Rocinha, Rio de Janeiro: Environmental Degradation and Infrastructure Constraints

Rocinha-Rio-de-Janeiro

By Alissa Westervelt

Rocinha and Environmental Degradation

Rocinha is the largest favela in the city of Rio de Janeiro, Brazil. It has an estimated 100,000-150,000 people residing in an area measuring 2.23 square kilometers, which translates to a population density of 44,800-67,300 people per square kilometer (UN Habitat, 2007). Rocinha is located in the south of the city, about one kilometer away from the beach. It is surrounded by some of the wealthiest neighborhoods in the city, Ipanema and Leblon to the east and Gavea Golf and Country Club to the west. The neighborhood is located on a steep mountain slope with the Tijuca National Park bordering it to the north ( UN Habitat, 2007). Most of the buildings are made of concrete or brick and many are several stories high.
The neighborhood has access to basic plumbing, electricity, and sanitation. The proximity to wealthy neighborhoods means that some residents are able to work outside of the favela, but most work informally in the community (Carter, 2004). The Brazilian government estimates that there are about 5,000 locally owned businesses in the area serving the needs of the residents, including TV ROC, a local television station (Strother, 2010). Despite Rocinha’s level of development, there are no hospitals in the community and very little access to healthcare. On average the citizens have only 4.1 years of formal schooling and a consistently low score on the Human Development Index when compared to other favelas within Rio de Janeiro (Mundo Real, n.d.).

While it is considered one of the wealthiest favelas in Rio, poorer resident are moving further north in an area known as Roupa Suja, building on nearly vertical rock formations while cutting down trees in the Tijuca forest to make additional space (Carter, 2004). This puts the poorest residents exposed to landslides caused by increased deforestation. Rio’s municipal government and individual residents have built aqueducts to manage heavy rainfall and reduce the risk of mudslides but the population grows faster than infrastructure can keep up (Carter 2004). In 2009 Rocinha worked with the municipal government to plan a barrier between the favela and the forest that could be used as a community space for residents while protecting the ecosystem (Boscov-Ellen, 2009). This project is unimplemented as the government’s focus shifted to security concerns. The newest residents are at a greater risk as they are less able to build with reliable material and must live farther away from services (Boscov-Ellen, 2009).

Many of the new residents are fleeing violence and economic insecurity in smaller, more distant favelas. The municipal government, with the help of UN Habitat, is putting increased emphasis on security for the high-profile favelas like Rocinha as Brazil prepares for the 2014 World Cup and 2016 Olympics (Romero, 2011). It will be important for some of this focus to shift to the smaller, less central favelas. Increasing security and services in less affluent favelas can help slow migration to Rocinha. Additionally, educational campaigns explaining the real health and safety risks associated with deforestation would be a start to stemming some of the most dangerous development.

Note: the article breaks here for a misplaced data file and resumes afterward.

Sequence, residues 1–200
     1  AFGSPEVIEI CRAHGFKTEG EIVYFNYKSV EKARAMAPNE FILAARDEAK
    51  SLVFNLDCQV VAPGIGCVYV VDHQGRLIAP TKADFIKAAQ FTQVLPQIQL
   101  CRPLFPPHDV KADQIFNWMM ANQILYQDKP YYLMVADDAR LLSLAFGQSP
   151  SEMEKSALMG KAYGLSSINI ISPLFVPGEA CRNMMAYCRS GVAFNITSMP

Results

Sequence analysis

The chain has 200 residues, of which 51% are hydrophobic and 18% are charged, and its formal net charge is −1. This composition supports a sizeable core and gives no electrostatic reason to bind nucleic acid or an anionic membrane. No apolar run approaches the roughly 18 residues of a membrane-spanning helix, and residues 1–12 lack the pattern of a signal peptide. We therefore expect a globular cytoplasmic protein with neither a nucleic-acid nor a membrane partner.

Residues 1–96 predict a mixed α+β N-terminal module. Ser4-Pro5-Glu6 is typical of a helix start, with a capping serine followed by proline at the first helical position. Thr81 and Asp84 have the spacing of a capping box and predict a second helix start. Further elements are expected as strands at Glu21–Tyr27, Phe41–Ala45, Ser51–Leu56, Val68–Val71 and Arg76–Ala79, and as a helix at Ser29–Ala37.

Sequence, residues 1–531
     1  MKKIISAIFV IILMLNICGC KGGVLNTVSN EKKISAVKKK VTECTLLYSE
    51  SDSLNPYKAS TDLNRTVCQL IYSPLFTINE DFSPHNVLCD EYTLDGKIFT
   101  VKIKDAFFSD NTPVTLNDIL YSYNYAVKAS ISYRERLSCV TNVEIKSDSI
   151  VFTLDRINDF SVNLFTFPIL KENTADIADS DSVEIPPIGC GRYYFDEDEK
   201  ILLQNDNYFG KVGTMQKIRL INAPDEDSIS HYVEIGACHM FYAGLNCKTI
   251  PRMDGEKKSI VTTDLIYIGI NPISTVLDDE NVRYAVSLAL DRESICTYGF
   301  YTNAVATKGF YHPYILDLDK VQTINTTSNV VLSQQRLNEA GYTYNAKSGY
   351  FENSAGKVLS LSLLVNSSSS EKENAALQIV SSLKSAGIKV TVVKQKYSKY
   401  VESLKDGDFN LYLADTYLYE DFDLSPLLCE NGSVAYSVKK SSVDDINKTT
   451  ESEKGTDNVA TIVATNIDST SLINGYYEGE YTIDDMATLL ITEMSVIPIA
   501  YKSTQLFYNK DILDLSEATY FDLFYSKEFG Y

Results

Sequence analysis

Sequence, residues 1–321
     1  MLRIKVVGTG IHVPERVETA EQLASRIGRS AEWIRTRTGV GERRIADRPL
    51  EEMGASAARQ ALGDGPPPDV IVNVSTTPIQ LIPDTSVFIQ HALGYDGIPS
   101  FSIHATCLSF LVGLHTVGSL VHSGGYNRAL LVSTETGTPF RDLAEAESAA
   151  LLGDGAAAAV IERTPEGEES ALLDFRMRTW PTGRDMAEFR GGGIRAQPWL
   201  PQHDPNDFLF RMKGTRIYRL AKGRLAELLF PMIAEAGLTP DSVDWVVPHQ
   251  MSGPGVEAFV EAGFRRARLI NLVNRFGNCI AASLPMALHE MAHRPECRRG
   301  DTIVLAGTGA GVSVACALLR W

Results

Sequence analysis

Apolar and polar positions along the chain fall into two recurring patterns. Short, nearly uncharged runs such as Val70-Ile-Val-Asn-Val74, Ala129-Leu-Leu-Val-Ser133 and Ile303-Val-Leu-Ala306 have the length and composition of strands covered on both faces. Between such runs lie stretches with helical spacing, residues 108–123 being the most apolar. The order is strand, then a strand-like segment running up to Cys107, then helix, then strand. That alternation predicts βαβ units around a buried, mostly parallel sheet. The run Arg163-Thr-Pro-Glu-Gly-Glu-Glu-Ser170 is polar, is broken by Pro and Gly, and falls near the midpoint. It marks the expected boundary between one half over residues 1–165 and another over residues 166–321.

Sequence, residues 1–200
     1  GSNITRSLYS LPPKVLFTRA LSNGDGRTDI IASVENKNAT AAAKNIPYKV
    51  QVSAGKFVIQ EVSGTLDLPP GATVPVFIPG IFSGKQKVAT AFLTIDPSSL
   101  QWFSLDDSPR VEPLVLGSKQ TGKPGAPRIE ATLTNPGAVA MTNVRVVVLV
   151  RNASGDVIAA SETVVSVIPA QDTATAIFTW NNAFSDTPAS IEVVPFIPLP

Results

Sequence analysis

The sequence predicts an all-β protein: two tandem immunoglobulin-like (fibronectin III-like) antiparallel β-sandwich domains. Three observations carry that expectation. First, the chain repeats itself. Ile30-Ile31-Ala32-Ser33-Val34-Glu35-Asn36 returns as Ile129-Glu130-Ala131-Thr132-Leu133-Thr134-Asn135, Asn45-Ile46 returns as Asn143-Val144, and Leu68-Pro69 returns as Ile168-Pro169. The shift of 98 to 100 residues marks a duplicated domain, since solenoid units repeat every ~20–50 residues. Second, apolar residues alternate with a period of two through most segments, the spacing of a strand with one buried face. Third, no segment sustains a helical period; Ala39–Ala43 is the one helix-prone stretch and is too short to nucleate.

This article is a product of Professor Shagun Mehrotra’s Global Urban Environmental Policy class. Views expressed are entirely those of the individual author.

References

Boscov-Ellen, L. (2009). Out of site, out of mind: Rio’s slum solution: Council on Hemispheric Affairs: Retrieved February 5, 2012 from coha.org

Carter, J. (2004). Residents of Rio’s favelas face diverse risks: World Watch Institute: Retrieved February 6, 2012 from worldwatch.org

Google. (2012). Google Earth (Version 6.0.3.2197) [Software]. Available from http://www.earth.google.com

Mundo Real. About Rocinha: retrieved February 4, 2012 from 1mundoreal.org

Romero, S. (2011, November 13). Rio slum is ‘pacified’ in advance of games. New York Times. Retrieved from nytimes.com

UN Habitat. (2007). Enhancing urban safety: global report of human settlements, Vol. 3. U.S.: United Nations Human Settlement Program: Retrieved February 5, 2012 from unhabitat.org

Strother, J. (2010). Bringing business to Brazil’s slums [Radio series episode]. In The World. Public Radio International. Retrieved from PRI.org

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